The dereference operators were motivated by
the iterator helpers, but are often useful in
noniterator contexts as well. Many of the redundant iterator operators
are also arithmetic operators, so the iterator helper classes borrow many
of the operators defined above. In fact, only two new operators need to
be defined (the pointertomember operator>
and the
subscript operator[]
)!
The requirements for the types used to instantiate the dereference operators are specified in terms of expressions which must be valid and their return type. The composite operator templates list their component templates, which the instantiating type must support, and possibly other requirements.
All the dereference operator templates in this table accept an optional template parameter (not shown) to be used for base class chaining.


Template  Supplied Operations  Requirements  

dereferenceable<T,
P> 
P operator>() const 
*i . Address of the returned value convertible
to P . 

indexable<T, D,
R> 
R operator[](D n) const 
*(i + n) . Return of type
R . 
There are five iterator operator class templates, each for a different
category of iterator. The following table shows the operator groups for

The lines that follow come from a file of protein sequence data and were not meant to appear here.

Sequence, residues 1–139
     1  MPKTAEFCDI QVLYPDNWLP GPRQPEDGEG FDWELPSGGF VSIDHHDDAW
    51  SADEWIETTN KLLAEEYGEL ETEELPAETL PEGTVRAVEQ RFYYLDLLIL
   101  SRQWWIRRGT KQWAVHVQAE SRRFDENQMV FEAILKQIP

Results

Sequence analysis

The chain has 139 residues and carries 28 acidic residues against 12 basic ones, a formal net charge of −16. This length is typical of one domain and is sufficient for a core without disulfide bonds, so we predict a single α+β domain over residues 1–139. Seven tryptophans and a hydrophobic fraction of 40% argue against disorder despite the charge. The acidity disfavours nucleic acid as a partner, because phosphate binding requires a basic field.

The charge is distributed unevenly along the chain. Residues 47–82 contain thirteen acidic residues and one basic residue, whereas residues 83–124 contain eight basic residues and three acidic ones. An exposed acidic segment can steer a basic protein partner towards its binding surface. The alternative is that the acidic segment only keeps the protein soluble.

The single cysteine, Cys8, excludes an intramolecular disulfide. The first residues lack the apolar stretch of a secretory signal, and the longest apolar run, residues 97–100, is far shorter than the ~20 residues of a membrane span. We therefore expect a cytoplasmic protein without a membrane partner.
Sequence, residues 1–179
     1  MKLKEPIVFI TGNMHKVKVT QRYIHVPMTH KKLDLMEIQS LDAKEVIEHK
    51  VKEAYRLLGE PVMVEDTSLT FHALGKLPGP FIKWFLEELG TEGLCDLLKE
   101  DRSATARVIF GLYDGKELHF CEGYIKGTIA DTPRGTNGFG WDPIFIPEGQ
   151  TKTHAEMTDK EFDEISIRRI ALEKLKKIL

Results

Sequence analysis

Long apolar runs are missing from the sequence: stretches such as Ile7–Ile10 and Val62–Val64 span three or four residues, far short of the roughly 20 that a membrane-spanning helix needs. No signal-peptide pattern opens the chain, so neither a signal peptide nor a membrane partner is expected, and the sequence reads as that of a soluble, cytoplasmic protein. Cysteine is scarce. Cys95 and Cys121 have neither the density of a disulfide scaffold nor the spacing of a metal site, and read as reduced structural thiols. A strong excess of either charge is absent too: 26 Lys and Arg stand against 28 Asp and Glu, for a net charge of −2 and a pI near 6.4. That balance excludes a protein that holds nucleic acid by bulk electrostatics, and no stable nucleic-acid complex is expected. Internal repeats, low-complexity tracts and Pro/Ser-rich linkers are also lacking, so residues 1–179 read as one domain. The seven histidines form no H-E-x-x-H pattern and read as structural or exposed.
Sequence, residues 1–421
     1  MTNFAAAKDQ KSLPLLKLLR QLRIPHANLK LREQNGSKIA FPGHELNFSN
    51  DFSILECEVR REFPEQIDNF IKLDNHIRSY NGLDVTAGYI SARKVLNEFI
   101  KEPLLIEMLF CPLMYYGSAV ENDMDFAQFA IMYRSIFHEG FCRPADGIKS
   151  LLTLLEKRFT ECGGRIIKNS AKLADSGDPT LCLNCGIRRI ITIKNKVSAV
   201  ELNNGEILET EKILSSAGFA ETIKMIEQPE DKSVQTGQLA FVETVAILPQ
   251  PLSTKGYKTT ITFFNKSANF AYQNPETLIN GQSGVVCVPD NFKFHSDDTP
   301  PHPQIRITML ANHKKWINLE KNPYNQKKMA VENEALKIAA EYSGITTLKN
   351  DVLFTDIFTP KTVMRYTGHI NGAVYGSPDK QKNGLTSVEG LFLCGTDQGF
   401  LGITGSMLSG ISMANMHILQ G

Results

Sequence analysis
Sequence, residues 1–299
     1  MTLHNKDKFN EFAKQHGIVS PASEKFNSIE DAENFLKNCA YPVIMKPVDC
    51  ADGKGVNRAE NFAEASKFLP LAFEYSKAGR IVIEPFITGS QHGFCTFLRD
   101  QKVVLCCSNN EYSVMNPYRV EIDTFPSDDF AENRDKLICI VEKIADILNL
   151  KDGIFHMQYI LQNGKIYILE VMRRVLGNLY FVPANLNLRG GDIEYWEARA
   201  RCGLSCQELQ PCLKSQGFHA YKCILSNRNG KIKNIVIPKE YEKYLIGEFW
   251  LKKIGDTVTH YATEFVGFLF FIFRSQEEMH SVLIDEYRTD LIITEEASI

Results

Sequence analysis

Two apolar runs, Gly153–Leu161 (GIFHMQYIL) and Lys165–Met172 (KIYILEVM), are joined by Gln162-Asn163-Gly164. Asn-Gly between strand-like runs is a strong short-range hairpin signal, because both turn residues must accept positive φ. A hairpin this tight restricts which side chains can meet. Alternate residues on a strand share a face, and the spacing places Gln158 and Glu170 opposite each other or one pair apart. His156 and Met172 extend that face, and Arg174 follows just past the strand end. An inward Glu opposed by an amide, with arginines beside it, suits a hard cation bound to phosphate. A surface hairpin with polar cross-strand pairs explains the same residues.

any category that a custom iterator could define. These class templates
have an additional optional template parameter B
, which is
not shown, to support base class chaining.


Template  Component Operator Templates  

input_iteratable<T,
P> 

output_iteratable<T> 

forward_iteratable<T,
P> 

bidirectional_iteratable<T,
P> 

random_access_iteratable<T, P, D,
R> 
There are also five iterator helper class templates, each
corresponding to a different iterator category. These classes cannot be
used for base class chaining. The following
summaries show that these class templates supply both the iterator
operators from the iterator operator class
templates and the iterator typedef's required by the C++ standard
(iterator_category
, value_type
,
etc.).


Template  Operations & Requirements  

input_iterator_helper<T,
V, D, P, R> 
Supports the operations and has the requirements of  
output_iterator_helper<T>